I am a part-timer at this point. I have two water filters on my coach, one on the incoming line and one on the kitchen cold side. How long are they good for when used, say, one week a month or for a couple of long weekends per month? My water has always been good and safe, but often I replace the filters, around $30 each, several times during the season. I have not found any information or guidance on this or info on how to care for the filters. Should I take them out of the coach and keep them in the fridge to extend life?
Most water filters are rated with a filtration capacity in hundreds or thousands of gallons. In most cases, you’ll never approach that capacity in normal use. Follow the filter manufacturer’s recommendations for cartridge replacement. If they don’t specify a replacement interval, use these rules of thumb: Filter cartridges generally only need to be replaced when a loss of flow (clogging) or degradation in the taste, odor, or appearance of the water is noticed. It doesn’t hurt to replace them every six months or so, even if they are still delivering good water and flow, but anything more than that is generally a waste of money. I’m assuming your filters are one of the common types that use a replaceable element inside of a housing or holder. When you replace the cartridge, be sure to thoroughly clean the cartridge housing with warm soapy water, and rinse thoroughly. Dry it, and then add a tiny bit of Vaseline on the o-ring before you reassemble the cartridge holder. Tighten it until it is just snug. Any tighter, and you’ll have problems removing it later.
If the housing leaks, replace the o-ring, as they eventually get compressed and don’t seal properly. Leave the filter cartridges in the housings throughout their service. Removing and handling them unnecessarily will just increase their exposure to contaminants. When you store them between uses, simply remove the hoses and drain the filter by holding it at an angle to let the water run out. I like to use a short piece of hose to connect the inlet and outlet together. That helps keep dirt and bugs out of the filter housing.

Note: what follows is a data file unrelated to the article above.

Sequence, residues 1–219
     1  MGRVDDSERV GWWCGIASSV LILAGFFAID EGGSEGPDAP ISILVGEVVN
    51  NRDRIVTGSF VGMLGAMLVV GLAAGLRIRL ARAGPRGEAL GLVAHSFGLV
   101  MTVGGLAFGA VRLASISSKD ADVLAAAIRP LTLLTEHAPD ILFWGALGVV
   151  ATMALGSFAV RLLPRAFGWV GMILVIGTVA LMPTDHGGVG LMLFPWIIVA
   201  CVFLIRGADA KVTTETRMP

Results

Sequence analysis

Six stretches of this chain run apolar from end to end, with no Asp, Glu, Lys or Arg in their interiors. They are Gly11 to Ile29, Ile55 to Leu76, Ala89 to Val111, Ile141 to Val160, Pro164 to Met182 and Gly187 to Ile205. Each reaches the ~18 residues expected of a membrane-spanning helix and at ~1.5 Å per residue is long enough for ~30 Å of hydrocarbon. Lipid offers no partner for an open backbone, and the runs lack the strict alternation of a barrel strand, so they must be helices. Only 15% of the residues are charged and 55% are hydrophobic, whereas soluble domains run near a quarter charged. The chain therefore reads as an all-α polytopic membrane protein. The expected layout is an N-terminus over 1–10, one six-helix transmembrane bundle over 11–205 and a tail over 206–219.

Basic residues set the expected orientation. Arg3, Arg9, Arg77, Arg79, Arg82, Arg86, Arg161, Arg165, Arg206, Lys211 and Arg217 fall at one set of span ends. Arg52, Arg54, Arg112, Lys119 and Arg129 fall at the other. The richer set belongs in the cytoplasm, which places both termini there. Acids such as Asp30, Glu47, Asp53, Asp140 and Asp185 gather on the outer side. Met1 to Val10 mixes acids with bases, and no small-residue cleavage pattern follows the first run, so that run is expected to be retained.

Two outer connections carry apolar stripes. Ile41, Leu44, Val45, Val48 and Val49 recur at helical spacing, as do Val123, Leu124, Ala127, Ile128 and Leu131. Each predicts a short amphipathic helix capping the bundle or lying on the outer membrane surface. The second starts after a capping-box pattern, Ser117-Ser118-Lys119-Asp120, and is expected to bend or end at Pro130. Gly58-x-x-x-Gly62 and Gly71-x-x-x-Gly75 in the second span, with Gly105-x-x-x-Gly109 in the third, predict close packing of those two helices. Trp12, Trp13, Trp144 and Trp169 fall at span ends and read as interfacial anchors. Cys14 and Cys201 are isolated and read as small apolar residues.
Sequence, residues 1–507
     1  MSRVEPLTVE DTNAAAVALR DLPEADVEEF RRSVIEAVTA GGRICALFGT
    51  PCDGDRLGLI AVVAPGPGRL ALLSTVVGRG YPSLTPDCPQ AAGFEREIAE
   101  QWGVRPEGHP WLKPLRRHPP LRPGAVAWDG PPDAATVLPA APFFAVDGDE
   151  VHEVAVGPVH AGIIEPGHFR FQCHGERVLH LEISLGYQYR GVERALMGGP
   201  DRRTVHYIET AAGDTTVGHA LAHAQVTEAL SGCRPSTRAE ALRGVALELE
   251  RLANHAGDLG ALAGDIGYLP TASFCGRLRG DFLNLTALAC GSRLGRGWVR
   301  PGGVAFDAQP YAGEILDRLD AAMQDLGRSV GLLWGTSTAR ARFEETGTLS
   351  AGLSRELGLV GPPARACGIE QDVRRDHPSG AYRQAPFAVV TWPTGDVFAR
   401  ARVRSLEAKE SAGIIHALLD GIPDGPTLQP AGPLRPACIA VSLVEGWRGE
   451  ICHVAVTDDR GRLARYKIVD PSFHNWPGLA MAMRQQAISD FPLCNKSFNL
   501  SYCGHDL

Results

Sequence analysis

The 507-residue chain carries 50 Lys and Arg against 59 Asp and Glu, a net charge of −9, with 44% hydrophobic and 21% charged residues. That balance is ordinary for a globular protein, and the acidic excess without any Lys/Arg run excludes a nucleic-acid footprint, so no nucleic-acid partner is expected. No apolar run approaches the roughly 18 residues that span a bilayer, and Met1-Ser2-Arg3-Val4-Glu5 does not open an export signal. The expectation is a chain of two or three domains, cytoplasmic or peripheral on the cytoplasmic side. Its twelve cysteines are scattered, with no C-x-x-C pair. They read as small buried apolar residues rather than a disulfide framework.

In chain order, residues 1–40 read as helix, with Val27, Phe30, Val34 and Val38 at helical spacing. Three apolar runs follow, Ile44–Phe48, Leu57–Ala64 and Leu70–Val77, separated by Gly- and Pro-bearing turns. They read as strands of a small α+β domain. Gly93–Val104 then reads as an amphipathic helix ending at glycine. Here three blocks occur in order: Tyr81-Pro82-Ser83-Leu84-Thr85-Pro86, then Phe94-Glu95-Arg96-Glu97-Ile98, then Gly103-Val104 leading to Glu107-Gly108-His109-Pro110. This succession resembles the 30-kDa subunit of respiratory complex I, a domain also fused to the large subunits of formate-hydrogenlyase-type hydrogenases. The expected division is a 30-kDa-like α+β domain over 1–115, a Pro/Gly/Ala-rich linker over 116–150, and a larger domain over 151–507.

We have an Eagle Cap truck camper with a slide. When on the Oregon Coast this fall, we had a lot of hard-driving rain. The forward and back of the slide leaked water into the camper. I believe it was running along the bottom rails. We cannot pull it in while inside since there is not enough room to walk past it. Do you have any suggestions on how to seal it?
It can be a problem to find and fix leaks in slides. The first step is to try and trace the leak to its source. Visually locating the point where the leak starts usually results in discovering the leak point, but not always. Be aware that the leak could be coming in through a crack or gap in the slide itself or a poorly sealed window. Water tends to travel once it enters the RV’s structure, so you need to carefully examine the entire slide for any place that water could be getting in. Sometimes the crack or opening will be very subtle and hard to find. It is also possible that the water is actually entering somewhere else and is running into the slide area from some other part of the roof or sidewall. If your camper is an older unit, it can be worthwhile to have all the rubber slide seals replaced, as the rubber deteriorates over time, gets stiff, and doesn’t seal as well. Sometimes, adding a slide topper awning will help, since it keeps the water off the top of the slide.